Army Aviation Association of America logo
phone supporting

AAAA HQ Summer hours
8am – 4pm EDT until Labor Day

home mail phone armyaviation.com
join today 260 70
 
LJ mast 260 150
 
ase cribbins 260 150

17summit housing 1
17summit housing 2
17summit housing 3

functional 260 150
 
Scholarship donate 260 310
 

HOH 260 150Chapter Registration - Click Here

 
cow 260
 
deployed 260x150
 
armyavn promo
 
email-spam
 
futuresummits

Army Aviation Hall of Fame 1975 Induction
(Inducted to represent the 1950-1959 period)

Colonel (later Lieutenant General) John J. Tolson became actively involved with Army Aviation in 1953 while serving as Chief, Doctrine and Combat Developments, G3, Headquarters, Department of the Army. At that time he initiated the first study dealing with the tactical application of Air Cavalry. From this assignment, he moved to Fort Benning, where he was the Director, Airborne-Army Aviation Department, Infantry School, from 1955 to 1956.

During his tenure, he completed the development of initial aviation doctrine and subsequently published the first field manual governing the tactical employment of Army Transport Aviation on the battlefield. This work was validated in Vietnam and remains a basic reference for the tactical employment of Army Aviation.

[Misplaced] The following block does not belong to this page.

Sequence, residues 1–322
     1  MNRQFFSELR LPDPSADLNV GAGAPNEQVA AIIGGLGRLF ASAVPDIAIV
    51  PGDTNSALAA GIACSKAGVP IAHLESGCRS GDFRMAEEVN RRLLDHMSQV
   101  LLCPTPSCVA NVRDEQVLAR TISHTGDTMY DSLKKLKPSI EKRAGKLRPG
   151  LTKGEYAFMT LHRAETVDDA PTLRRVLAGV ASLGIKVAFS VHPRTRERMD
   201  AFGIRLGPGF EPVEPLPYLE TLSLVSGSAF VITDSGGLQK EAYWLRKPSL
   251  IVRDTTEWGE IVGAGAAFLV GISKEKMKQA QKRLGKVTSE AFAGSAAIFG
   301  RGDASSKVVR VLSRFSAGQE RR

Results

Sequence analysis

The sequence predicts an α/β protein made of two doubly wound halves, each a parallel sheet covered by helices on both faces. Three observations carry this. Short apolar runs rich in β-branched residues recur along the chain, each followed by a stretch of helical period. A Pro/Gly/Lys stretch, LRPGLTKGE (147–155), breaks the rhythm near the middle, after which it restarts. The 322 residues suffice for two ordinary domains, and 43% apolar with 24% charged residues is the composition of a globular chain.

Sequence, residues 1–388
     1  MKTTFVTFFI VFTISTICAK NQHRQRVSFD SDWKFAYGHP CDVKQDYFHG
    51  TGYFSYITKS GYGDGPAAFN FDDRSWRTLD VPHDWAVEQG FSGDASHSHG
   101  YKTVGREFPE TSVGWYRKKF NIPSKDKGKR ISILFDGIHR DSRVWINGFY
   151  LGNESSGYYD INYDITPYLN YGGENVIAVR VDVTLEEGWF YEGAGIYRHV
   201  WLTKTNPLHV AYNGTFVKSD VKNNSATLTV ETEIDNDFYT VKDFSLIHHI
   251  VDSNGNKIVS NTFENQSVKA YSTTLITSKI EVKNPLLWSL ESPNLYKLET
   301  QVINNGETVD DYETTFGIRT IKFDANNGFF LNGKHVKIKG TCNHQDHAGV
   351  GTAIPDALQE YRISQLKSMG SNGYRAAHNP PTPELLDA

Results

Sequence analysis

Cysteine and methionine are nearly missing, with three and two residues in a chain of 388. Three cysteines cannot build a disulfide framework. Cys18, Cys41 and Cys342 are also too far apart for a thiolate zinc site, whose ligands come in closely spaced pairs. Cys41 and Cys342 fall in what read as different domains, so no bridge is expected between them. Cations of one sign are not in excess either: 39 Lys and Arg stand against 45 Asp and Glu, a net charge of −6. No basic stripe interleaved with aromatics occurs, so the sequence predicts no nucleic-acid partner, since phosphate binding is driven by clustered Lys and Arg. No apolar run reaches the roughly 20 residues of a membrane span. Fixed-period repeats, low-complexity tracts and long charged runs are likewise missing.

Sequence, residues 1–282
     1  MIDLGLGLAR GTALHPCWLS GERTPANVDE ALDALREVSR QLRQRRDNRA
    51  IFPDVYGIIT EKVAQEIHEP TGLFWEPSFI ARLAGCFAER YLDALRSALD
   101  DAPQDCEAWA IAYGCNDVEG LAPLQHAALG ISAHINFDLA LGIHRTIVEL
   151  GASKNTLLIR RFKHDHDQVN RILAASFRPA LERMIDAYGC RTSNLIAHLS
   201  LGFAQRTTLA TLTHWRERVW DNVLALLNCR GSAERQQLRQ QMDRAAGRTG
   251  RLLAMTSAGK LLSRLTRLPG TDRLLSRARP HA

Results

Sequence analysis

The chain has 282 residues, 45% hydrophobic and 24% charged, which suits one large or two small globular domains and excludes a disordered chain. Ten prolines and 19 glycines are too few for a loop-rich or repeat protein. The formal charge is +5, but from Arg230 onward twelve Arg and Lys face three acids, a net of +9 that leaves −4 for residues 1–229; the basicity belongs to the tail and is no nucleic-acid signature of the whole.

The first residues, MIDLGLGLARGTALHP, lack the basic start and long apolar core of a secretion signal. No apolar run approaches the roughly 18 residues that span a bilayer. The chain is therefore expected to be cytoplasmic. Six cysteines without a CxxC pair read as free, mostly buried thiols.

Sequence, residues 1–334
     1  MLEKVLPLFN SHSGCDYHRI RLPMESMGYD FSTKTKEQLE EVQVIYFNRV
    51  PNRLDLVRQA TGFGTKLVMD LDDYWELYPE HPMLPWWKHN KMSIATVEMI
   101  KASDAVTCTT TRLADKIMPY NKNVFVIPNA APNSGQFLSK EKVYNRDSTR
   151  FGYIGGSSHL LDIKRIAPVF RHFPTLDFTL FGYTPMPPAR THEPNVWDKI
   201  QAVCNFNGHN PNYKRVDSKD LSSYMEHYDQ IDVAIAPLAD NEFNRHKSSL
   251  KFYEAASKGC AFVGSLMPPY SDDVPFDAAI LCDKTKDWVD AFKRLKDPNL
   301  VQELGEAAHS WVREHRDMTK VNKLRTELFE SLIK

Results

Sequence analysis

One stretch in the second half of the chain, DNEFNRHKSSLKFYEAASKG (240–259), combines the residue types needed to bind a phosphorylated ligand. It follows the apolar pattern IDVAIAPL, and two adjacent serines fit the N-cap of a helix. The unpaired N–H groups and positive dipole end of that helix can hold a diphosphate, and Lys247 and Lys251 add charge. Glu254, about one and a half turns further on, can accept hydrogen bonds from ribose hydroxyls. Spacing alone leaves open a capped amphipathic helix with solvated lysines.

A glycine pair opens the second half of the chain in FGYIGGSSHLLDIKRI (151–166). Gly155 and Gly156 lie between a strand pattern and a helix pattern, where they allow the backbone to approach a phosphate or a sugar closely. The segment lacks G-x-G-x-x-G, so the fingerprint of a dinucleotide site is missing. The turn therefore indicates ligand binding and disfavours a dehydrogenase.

In 1957, Tolson completed Fixed & Rotary Wing Qualification at Fort Rucker, and subsequently served for two years as the Assistant Commandant of the Aviation School. This was a very formative period in the School, particularly in the developing of armed helicopter concepts and the formation of our first provisional air cavalry unit, the 7292d Aerial Combat Reconnaissance Company [Provisional].

Studies by the School's Combat Developments Office produced concepts for the Air Cavalry Division. Also, lasting innovations in pilot and mechanics training were initiated during this period. From 1959 until 1961 Colonel Tolson served as Deputy Director of Army Aviation. It was during this period that he participated in key decisions in consolidating the family of Army aircraft for future development which later became the workhorses of the Vietnam Conflict.